If you were captivated by the post-atomic horror of Cormac McCarthy's The Road, read A Canticle for Leibowitz, by Walter M. Miller, Jr. Miller's novel, written at the height of the Cold War, is a sci-fi classic for a reason. In three acts, it examines the absurd lengths humanity will go to to keep making the same mistakesRead about another entry on the list.
A Canticle for Leibowitz is one of Amanda Yesilbas, Katharine Trendacosta, and Annalee Newitz's top thirteen post-apocalyptic stories that actually teach valuable lessons.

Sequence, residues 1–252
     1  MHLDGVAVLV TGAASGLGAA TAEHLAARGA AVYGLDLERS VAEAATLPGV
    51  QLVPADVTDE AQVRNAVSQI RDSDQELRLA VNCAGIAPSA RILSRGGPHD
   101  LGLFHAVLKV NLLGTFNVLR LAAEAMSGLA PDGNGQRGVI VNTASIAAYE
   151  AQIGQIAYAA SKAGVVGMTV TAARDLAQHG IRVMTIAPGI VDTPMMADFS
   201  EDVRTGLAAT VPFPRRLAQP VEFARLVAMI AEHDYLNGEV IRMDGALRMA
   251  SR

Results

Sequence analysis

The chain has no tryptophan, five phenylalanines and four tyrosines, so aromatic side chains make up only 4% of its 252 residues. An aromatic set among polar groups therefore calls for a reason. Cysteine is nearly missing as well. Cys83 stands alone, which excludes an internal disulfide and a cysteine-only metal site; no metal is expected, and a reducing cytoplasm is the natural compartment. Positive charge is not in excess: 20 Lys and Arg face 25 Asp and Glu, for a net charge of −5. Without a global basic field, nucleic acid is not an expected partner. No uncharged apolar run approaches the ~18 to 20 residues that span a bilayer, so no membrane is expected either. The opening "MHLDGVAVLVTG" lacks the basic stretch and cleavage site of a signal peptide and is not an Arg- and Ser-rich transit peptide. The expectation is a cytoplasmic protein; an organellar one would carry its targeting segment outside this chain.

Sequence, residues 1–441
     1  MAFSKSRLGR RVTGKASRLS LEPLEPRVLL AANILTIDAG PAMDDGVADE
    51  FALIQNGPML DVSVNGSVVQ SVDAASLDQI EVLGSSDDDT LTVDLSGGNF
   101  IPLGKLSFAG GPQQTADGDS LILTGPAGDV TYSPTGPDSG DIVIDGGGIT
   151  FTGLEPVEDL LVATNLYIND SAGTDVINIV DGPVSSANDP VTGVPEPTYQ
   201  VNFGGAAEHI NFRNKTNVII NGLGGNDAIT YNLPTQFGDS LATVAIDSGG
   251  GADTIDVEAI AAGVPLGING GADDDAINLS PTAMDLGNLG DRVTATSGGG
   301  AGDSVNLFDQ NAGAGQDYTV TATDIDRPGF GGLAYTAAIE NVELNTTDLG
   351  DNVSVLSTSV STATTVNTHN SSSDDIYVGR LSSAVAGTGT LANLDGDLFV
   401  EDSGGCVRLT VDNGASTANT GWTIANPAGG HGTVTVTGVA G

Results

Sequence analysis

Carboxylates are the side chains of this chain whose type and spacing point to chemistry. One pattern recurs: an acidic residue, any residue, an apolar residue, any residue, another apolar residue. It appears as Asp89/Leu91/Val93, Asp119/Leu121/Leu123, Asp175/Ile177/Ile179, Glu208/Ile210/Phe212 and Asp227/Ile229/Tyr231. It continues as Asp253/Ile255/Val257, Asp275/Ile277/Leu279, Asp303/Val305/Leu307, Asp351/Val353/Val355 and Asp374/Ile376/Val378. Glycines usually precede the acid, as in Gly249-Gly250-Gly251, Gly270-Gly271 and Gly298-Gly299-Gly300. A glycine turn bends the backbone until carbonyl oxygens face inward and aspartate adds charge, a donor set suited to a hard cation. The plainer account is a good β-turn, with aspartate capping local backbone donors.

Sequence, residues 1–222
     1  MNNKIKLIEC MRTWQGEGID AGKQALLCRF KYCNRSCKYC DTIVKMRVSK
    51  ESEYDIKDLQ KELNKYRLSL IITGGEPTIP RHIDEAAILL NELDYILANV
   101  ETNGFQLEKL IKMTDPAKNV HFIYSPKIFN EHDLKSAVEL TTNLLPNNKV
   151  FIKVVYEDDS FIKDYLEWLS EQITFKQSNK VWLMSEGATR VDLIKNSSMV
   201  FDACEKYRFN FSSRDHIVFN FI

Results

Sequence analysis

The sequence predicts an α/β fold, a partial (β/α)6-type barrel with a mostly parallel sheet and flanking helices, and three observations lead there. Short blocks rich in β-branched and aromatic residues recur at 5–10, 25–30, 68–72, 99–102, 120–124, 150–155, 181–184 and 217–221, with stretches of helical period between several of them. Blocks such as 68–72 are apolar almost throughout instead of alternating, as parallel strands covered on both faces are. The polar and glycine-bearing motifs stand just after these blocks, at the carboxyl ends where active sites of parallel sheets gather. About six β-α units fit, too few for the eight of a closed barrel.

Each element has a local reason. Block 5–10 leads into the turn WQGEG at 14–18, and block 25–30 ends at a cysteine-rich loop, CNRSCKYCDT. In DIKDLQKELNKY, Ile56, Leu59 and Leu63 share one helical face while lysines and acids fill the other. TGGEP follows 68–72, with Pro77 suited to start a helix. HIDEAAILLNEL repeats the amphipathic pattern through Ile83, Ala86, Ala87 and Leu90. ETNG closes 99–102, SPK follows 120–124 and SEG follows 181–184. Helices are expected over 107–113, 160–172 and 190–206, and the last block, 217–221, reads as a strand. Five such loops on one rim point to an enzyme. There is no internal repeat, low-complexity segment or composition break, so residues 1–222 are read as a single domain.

The Road appears on Claire Cameron's list of five favorite stories about unlikely survivors, Isabel Allende's six favorite books list, the Telegraph's list of the 15 most depressing books, Joseph D’Lacey's top ten list of horror books, the Barnes & Noble Review's list of five unforgettable fathers from fiction, Ken Jennings's list of eight top books about parents and kids, Anthony Horowitz's top ten list of apocalypse books, Karen Thompson Walker's list of five notable "What If?" books, John Mullan's list of ten of the top long walks in literature, Tony Bradman's top ten list of father and son stories, Ramin Karimloo's six favorite books list, Jon Krakauer's five best list of books about mortality and existential angst, William Skidelsky's list of the top ten most vivid accounts of being marooned in literature, Liz Jensen's top 10 list of environmental disaster stories, the Guardian's list of books to change the climate, David Nicholls' top ten list of literary tear jerkers, and the Times (of London) list of the 100 best books of the decade. In 2009 Sam Anderson of New York magazine claimed "that we'll still be talking about [The Road] in ten years."